My teaching career began in the corporate world, as General Manager and VP of
Printer’s Parts, Inc. For five years (in my late teens and early twenties), I supervised
30+ employees and ran the day-to-day operations of the corporation at its office
headquarters and warehouse in Chicago. My greatest satisfaction when I left
Printer’s Parts was that four of the entry level employees I had hired, trained, and/or
supervised ended up becoming business owners themselves by the time I left or
shortly thereafter. Three of these employees were women and one was a young man
of Hispanic origin who was a former gang member.
The question is: what could possibly have prompted me to leave a job I enjoyed
running and a company that paid me in six figures by the time I was twenty-one?
There was only one answer: teaching. First it was a Sunday morning gig with a
Sunday School class of 25-30 Kindergarten and First Grade Students. Half of these
students came from wealthy Caucasian families from the suburbs of Chicago and the
other half, who came from African-American and Hispanic families, were
transported in from the inner city of Chicago. Just weeks into the school year, the
lead teacher became ill and I was left holding the bag. This was where I discovered I
had intuitive abilities to create a cohesive learning environment with children from
diverse backgrounds with a variety of behavioral, emotional, and academic learning
The plan was to return to school to get my public teaching degree and license.
However, when I was in my first semester of Education classes and was asked to
observe at a local school, at Shea’s urging, I observed at the Bellingham Waldorf
School. After that, there was no turning back. Waldorf Education appeared to me to
be the type of Education that came naturally to me as a teacher. It was a hands-on,
holistic approach to learning and teaching that I could get behind.
Shea and I moved our growing family to Sacramento so I could attend Rudolf Steiner
College, where I earned my Waldorf Elementary teaching certification. In the years
after, I spent a decade teaching and administering in Waldorf schools, including the
Waldorf School of Louisville, where I was co-founder, board president, lead
Kindergarten teacher and faculty chair. After a decade in private Waldorf education, I
realized a desire to return to school to get my public teaching degree.
I earned my B.S. in Elementary Education and B.A. in History at UW-Madison. At UW,
I was the old man of my peer group (a thirty-something among a bunch of 19-22
year olds). My classmates were determined to reap all they could from my decade of
teaching experience. So, whenever anyone had a hard-to-solve teaching problem,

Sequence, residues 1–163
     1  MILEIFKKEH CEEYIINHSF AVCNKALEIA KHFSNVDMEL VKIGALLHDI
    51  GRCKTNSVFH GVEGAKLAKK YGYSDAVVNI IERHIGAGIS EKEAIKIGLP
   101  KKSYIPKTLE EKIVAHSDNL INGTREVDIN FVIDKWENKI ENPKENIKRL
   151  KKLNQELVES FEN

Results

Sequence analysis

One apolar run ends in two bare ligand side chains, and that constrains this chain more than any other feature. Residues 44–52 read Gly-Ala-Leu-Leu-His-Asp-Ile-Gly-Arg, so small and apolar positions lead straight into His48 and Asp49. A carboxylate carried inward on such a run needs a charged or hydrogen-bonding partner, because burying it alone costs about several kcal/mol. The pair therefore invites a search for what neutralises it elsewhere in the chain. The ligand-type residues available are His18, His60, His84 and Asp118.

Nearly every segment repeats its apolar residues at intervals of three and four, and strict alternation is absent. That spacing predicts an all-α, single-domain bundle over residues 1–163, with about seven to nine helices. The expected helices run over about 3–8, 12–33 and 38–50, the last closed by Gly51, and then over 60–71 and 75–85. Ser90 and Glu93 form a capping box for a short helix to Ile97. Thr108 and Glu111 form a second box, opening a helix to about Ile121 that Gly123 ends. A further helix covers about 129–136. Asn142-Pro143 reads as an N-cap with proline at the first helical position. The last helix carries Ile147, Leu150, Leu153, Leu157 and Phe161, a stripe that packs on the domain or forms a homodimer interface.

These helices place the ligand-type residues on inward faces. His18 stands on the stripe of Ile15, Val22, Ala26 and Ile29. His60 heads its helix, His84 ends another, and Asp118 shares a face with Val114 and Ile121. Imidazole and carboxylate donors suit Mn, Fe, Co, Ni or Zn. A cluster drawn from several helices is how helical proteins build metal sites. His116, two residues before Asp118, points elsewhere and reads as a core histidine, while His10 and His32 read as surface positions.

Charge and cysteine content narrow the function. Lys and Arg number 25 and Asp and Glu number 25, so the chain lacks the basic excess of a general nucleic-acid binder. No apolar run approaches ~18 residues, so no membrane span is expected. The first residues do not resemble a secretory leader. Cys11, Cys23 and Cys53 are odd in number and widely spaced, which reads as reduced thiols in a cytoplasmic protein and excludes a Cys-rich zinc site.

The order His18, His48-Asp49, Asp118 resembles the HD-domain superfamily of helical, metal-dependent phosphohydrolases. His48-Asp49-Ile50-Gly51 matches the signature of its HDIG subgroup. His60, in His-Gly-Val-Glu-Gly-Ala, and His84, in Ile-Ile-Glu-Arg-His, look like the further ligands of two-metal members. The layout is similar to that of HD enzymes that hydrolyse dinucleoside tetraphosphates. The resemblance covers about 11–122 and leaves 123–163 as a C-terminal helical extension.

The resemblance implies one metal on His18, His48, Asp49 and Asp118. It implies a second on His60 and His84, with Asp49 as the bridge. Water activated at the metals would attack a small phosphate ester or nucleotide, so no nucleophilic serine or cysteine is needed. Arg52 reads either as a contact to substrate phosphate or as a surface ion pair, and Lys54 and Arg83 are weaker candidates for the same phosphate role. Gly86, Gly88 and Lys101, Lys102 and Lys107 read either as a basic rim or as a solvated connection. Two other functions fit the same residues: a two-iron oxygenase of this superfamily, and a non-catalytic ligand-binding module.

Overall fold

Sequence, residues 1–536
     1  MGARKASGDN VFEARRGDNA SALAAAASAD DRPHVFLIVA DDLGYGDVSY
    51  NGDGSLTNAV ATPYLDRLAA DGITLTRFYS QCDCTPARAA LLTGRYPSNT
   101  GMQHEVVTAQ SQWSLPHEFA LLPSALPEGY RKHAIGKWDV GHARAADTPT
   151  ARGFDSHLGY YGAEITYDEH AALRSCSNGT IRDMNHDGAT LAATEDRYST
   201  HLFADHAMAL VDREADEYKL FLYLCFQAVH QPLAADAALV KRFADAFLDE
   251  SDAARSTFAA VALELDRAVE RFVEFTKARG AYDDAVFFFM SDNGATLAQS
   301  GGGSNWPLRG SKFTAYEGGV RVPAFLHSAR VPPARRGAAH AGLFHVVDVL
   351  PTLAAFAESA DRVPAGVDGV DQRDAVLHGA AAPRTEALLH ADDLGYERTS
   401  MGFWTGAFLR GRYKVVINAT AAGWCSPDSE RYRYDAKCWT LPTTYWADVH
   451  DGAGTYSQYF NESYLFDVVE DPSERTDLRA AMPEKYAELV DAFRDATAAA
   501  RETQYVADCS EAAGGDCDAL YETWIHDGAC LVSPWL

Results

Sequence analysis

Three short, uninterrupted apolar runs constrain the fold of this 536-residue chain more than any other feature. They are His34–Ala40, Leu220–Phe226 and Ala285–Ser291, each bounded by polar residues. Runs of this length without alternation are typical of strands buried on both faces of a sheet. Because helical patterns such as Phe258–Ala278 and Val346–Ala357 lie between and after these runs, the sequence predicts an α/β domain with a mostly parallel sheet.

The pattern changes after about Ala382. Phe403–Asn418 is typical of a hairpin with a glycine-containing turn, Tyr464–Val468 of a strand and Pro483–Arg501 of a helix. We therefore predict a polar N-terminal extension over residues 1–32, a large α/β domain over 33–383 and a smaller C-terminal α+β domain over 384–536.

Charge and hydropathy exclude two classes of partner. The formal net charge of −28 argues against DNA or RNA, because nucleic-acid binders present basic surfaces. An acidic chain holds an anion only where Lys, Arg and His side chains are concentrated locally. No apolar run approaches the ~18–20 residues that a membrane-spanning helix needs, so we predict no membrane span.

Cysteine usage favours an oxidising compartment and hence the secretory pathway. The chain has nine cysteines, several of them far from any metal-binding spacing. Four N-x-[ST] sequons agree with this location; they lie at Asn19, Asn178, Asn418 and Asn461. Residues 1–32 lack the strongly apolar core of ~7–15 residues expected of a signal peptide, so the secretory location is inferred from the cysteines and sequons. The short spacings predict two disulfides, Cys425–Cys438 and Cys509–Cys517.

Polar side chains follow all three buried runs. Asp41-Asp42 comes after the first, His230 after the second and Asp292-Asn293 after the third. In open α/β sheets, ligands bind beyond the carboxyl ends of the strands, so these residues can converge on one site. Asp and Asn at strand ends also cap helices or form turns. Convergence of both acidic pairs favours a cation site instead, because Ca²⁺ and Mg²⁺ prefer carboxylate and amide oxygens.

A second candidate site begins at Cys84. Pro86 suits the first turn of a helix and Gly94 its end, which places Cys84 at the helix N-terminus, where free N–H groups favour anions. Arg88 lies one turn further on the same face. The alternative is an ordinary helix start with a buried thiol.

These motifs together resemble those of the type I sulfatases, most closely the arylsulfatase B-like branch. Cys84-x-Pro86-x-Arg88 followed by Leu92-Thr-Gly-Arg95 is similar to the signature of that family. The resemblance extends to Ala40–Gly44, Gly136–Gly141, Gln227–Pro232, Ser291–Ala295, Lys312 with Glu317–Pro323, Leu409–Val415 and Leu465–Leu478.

they came to me and I helped them to think it through. That’s when I realized that I
wanted to be a teacher of teachers and make a bigger impact on public/charter/
private education – by helping school apply Waldorf methods in the classroom.
When my family moved to Phoenix to care for Shea’s Dad who was living and dying
with cancer, I started teaching in the Washington School District. During that time, I
continued to pursue my education and my goal to become a college professor.
During my doctoral studies, I served as 8th grade teacher at Desert Marigold.
I earned my M.A. in Curriculum and Instruction at Ottawa University and went on to
earn my Ph.D. in Curriculum and Instruction from Arizona State University. After I
finished my Ph.D. coursework, I landed a job at Lebanon Valley College, a small
liberal arts college in Annville, PA. Although I enjoy teaching college courses and
have grown fond of many of my students and colleagues, the work I have enjoyed
most since coming to Pennsylvania is mentoring teachers at Circle of Seasons School
(a Waldorf-inspired charter school) in Foglesville, PA.
In addition to this change in course regarding my career choice, Shea and I also
desire to be closer to our children who live in Los Angeles. Thus, I took on a position
at Highland Hall Waldorf School as the Pedagogical Administrator. After assisting
Highland Hall in going through the accreditation process, Shea and I decided to
move towards our many friends who reside in the Phoenix area. I took on a 8th
grade Science and then a 5th grade Language Arts position in the Tolleson district.
The year prior to reconnecting with Desert Marigold, I taught for Ottawa University
and the Arizona State Prison system.
At the bottom line, my long-time desire is to bring movement-based education
(based on Waldorf methodology) more fully to the public realm. Working with
teachers and taping into their natural skills of designing and leading classroom
curriculum is something that brings me great joy and satisfaction.